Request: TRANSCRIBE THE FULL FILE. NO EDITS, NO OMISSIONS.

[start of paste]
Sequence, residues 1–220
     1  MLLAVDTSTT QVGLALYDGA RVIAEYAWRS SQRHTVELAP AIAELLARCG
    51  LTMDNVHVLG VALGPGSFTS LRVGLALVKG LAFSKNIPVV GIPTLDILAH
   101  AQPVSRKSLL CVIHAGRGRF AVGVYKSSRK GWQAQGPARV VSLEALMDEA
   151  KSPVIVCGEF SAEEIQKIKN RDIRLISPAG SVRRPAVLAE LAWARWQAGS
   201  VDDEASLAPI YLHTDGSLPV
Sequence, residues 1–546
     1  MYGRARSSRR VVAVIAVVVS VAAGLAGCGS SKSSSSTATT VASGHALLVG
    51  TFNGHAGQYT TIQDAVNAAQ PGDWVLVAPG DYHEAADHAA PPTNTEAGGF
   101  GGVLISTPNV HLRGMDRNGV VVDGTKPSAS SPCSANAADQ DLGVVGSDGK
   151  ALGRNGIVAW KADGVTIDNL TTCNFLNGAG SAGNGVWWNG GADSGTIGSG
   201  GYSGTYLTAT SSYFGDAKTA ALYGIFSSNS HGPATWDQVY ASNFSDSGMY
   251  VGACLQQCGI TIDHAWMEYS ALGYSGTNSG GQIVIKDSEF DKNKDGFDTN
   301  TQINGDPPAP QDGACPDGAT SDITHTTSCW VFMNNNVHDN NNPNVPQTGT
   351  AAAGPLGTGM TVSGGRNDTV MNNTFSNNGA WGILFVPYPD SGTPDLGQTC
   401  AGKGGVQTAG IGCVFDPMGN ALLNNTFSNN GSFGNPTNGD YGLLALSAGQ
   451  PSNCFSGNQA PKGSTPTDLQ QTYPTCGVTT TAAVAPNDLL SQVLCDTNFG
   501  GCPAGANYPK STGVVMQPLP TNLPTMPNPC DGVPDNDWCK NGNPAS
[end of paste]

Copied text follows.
Sequence, residues 1–220
     1  MLLAVDTSTT QVGLALYDGA RVIAEYAWRS SQRHTVELAP AIAELLARCG
    51  LTMDNVHVLG VALGPGSFTS LRVGLALVKG LAFSKNIPVV GIPTLDILAH
   101  AQPVSRKSLL CVIHAGRGRF AVGVYKSSRK GWQAQGPARV VSLEALMDEA
   151  KSPVIVCGEF SAEEIQKIKN RDIRLISPAG SVRRPAVLAE LAWARWQAGS
   201  VDDEASLAPI YLHTDGSLPV
Sequence, residues 1–546
     1  MYGRARSSRR VVAVIAVVVS VAAGLAGCGS SKSSSSTATT VASGHALLVG
    51  TFNGHAGQYT TIQDAVNAAQ PGDWVLVAPG DYHEAADHAA PPTNTEAGGF
   101  GGVLISTPNV HLRGMDRNGV VVDGTKPSAS SPCSANAADQ DLGVVGSDGK
   151  ALGRNGIVAW KADGVTIDNL TTCNFLNGAG SAGNGVWWNG GADSGTIGSG
   201  GYSGTYLTAT SSYFGDAKTA ALYGIFSSNS HGPATWDQVY ASNFSDSGMY
   251  VGACLQQCGI TIDHAWMEYS ALGYSGTNSG GQIVIKDSEF DKNKDGFDTN
   301  TQINGDPPAP QDGACPDGAT SDITHTTSCW VFMNNNVHDN NNPNVPQTGT
   351  AAAGPLGTGM TVSGGRNDTV MNNTFSNNGA WGILFVPYPD SGTPDLGQTC
   401  AGKGGVQTAG IGCVFDPMGN ALLNNTFSNN GSFGNPTNGD YGLLALSAGQ
   451  PSNCFSGNQA PKGSTPTDLQ QTYPTCGVTT TAAVAPNDLL SQVLCDTNFG
   501  GCPAGANYPK STGVVMQPLP TNLPTMPNPC DGVPDNDWCK NGNPAS